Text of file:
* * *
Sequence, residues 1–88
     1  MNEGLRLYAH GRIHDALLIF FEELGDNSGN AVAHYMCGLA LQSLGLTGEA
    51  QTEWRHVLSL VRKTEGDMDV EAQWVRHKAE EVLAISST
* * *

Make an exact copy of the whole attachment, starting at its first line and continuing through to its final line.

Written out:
Sequence, residues 1–88
     1  MNEGLRLYAH GRIHDALLIF FEELGDNSGN AVAHYMCGLA LQSLGLTGEA
    51  QTEWRHVLSL VRKTEGDMDV EAQWVRHKAE EVLAISST